Title: Beautiful Ruins
Author: Jess Walter
Genre: Historical Fiction, Romance
First published: June 2012
Finished reading: February 16th 2015
Pages: 337
Rating 3

“Stories are people. I’m a story, you’re a story… your father is a story. Our stories go in every direction, but sometimes, if we’re lucky, our stories join into one, and for a while, we’re less alone.”


My copy of Beautiful Ruins had been collecting dust on my TBR pile for quite some time before I actually picked it up. When I first saw the cover, I had a flashback of my months living in Southern Italy. So when I found out the story was actually set in a small town along the Italian coastline I was immediately sold. I didn’t realize Jess Walter didn’t stick to the Italian 1962 setting and switches back and forth to contemporary Hollywood though. Those who know me, know I don’t like romance or Hollywood scenes for that matter. I guess that’s why that part of this book let me down; I just didn’t expect Beautiful Ruins to turn out that way. Still, the Italian chapters are interesting. In true historical fiction style, the chapters take you back to 1962 where Pasquale Tursi owns a small hotel and is surprised to have not one, but two American guests staying there at one point. One of them is a retired soldier and now writer (Alvis Bender), the other an actress (Dee Moore) who is sent away from a movie set in Rome when she became ill… The Hollywood chapters are full of cliches and not exactly to my liking; the Hollywood producer Michael Deane a despicable person and hard to relate to. In short, I’m having mixed feelings about this novel, but I guess it’s worth reading if you don’t mind historical fiction being mixed with contemporary Hollywood scenes and (cheesy) romance.


It is 1962 and Pasquale Tursi is back running the only hotel in his small village after his father died. Porto Vergogna is too small to have any tourist attractions, but Pasquale dreams of changing his village into one American tourists would enjoy. An American writer, Alvis Bender, visits his hotel every year, but the young Italian wants more… Then one day his dreams seem to come true when a mysterious American woman shows up at his small beach. Dee Moore is an actress who is part of the Cleopatra movie currently being made in Rome, but she became sick on set… They sent her to Porto Vergogna to recover and wait for a special treatment in Switzerland. Pasquale starts to have feelings for the woman even though they have problems communicating, and doesn’t hesitate helping her when the producers seem to have forgotten Dee. He travels all the way to Rome to confront them, and soon finds out the truth about Dee’s disease…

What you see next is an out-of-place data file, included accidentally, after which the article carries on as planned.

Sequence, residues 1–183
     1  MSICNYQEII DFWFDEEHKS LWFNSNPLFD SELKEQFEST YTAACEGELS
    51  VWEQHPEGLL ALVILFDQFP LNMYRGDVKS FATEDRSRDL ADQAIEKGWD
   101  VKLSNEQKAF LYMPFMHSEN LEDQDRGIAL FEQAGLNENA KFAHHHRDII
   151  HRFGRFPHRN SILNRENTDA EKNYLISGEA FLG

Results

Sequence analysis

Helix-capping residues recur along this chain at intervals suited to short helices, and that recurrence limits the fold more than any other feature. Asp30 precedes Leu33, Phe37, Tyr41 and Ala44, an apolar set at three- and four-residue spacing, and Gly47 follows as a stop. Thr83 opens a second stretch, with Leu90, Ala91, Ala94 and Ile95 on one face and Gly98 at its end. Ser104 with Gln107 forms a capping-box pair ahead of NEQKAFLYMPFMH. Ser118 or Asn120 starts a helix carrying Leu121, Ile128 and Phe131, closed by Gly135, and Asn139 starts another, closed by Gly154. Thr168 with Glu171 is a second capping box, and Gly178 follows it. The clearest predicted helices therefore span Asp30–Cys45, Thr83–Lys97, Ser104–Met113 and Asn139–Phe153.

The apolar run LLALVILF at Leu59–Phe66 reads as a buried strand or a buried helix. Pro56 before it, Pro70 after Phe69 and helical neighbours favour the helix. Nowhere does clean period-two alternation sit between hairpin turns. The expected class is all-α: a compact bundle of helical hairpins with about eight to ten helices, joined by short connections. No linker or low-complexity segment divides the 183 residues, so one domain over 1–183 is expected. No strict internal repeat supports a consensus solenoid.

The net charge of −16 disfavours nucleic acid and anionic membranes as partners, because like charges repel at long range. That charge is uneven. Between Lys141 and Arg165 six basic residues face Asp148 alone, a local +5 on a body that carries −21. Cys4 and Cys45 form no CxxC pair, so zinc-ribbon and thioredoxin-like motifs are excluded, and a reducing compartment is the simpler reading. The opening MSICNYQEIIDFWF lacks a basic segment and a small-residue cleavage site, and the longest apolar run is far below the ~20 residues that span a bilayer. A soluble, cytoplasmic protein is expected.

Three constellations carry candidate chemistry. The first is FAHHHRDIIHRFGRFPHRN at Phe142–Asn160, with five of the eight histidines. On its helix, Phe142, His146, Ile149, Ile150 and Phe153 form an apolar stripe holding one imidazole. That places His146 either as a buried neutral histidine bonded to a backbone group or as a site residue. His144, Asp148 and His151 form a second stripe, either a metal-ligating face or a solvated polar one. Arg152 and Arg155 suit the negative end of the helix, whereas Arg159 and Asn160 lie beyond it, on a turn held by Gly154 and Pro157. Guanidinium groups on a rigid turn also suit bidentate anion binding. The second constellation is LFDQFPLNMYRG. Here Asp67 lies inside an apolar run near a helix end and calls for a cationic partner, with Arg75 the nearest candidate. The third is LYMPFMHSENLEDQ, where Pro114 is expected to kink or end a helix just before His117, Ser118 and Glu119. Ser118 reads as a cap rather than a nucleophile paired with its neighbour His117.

Meanwhile in contemporary Hollywood, Claire is not happy with her current life. When she started working for famous producer Michael Deane, she didn’t expect to be making cheap TV programs instead of interesting movies… So when they offer her a job as a movie museum curator, she is highly tempted. Her stripclub visiting boyfriend is also getting on her nerves, and she is wondering whether she needs a fresh start… And that is when Shane and Pasquale turn up at the studio. Claire doesn’t know it yet, but her weekend is about to become way more interesting when her boss asks her to help him locate a ghost from the past…


There is also a third storyline set in the UK that I’m not mentioning in the summary because of potential spoilers. What I can say is that this storyline adds some dept to the story and is definitely better than the Hollywood chapters. There were too many cliches used in Beautiful Ruins though, which is a shame because the story itself has a lot of potential. I especially enjoyed the chapters set in Italy; the way Jess Walter describes the scenery makes me want to pack my bags and travel to Italy straight away. Alvis and his unfinished book about his experiences in WWII are a welcoming distraction from the Hollywood scenes and I liked the fact that Jess Walter decided to include some Italian in his prose. (I found out I still remembered some of my crappy Italian, hurray!) In short, Beautiful Ruins is a nice novel to read if you like historical fiction and don’t mind a few cliches and Hollywood scenes… I guess it would be a perfect beach read.